- The plant will be forty years old next year.
- Excuse to break the cattle market further – Cattle futures were down the limit two days in a row.
- The free water from the Ogallala Aquifer is disappearing.
- The U.S. cattle herd continues to decline.
- Many workers are illegal – Lack of immigration reform is making the hiring of low-cost refugee workers more difficult. Public support for foreign wars and abusive trade policy that displaces refugees to slaughterhouse jobs is becoming less popular.
- Foreign beef is cheaper.
- Memphis Meats – Tyson’s investment in fake meat competes with their existing and aging beef plant infrastructure.
- Tyson can force cattle feeders to redirect cattle to other Tyson plants, increasing utilization of remaining facilities. Additional freight will be at cattle owners’ expense. Additional stress will be at the animals’ expense. With USDA’s new non-inspection rules, chain speeds can be increased at existing facilities and cleanup shifts reduced to absorb additional numbers.
- If Elizabeth Warren’s vision for farming and food is implemented, a breakup of Big Food’s monopoly power is possible, and the cheap grain benefitting Big Food companies will become more expensive.
- It’s a clear warning and lesson to cattle producers supporting R-CALF’s lawsuit against Tyson and the other big packers claiming ongoing anti-competitive practices.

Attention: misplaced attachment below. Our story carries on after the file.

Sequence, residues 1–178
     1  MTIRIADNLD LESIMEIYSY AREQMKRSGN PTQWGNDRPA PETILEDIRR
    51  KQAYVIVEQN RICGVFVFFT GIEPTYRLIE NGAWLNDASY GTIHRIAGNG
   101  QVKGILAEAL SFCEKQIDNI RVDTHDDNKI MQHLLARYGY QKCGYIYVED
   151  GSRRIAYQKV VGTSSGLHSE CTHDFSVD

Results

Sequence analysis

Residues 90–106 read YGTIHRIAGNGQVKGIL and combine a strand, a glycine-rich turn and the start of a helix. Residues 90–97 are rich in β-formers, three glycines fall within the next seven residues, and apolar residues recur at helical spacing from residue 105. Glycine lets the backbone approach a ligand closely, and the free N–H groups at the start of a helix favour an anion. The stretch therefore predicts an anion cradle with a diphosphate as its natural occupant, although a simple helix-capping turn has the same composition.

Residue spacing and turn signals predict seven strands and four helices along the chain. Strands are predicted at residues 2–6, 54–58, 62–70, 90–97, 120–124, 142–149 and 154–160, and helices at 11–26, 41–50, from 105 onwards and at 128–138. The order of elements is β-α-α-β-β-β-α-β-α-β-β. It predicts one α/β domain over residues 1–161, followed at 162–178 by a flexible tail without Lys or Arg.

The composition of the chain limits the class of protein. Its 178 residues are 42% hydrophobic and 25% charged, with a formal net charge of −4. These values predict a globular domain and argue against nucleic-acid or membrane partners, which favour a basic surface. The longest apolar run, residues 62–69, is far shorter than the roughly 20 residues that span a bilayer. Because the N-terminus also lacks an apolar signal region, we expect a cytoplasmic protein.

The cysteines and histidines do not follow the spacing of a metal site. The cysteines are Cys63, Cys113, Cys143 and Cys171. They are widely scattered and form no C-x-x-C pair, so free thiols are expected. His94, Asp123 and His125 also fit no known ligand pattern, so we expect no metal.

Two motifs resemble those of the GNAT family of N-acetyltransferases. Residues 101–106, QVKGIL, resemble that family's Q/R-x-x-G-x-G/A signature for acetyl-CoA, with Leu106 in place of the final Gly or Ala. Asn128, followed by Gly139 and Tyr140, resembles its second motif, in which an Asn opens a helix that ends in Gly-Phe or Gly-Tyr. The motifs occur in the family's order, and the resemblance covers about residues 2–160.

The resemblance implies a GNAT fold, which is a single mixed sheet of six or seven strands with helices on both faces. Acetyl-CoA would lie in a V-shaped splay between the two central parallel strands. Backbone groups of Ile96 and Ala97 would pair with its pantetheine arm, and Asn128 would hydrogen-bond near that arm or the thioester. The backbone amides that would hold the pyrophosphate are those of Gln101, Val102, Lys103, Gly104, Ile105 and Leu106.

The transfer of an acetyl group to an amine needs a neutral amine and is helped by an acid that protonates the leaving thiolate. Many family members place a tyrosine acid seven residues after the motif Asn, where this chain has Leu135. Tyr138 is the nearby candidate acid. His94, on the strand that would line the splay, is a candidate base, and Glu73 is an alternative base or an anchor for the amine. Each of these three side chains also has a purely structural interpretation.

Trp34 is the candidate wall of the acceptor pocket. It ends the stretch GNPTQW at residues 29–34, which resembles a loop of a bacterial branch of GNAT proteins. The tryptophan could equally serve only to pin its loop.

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“The money and political power of Wall Street has stolen America’s food system, bankrupted our farmers and ranchers, mined our soils, polluted our environment, wasted our precious water, and left us with expensive industrially produced food that makes us sick.” – Occupy Wall Street Food Day, December 2011
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- This Cattleman's Got A Beef
Photo: Sean Cayton - 2003People producing good food from happy animals, while improving the environment, shouldn’t have to fear the government.
Photo above featured in a 2003 article: This cattleman's got a beef, Mike Callicrate and Ranch Foods Direct take on the big meat packersby Kathryn Eastburn
- BIG Food Exposed
Food Policy & LawE. Coli Confessions Part I
by John Munsell | Oct 11, 2011
Editor's Note: This is the first part in a series written by John Munsell of Miles City, MT, who explains how the small meat plant his family owned for 59 years ran afoul of USDA's meat inspection program. The events he writes about began a decade ago, but remain relevant today.
They say that confession is good for the soul. I've been involved in a series of ugly events since my plant in 2002 recalled 270 pounds of ground beef contaminated with E.coli O157:H7 and now want to admit the embarrassing truth for public review. more
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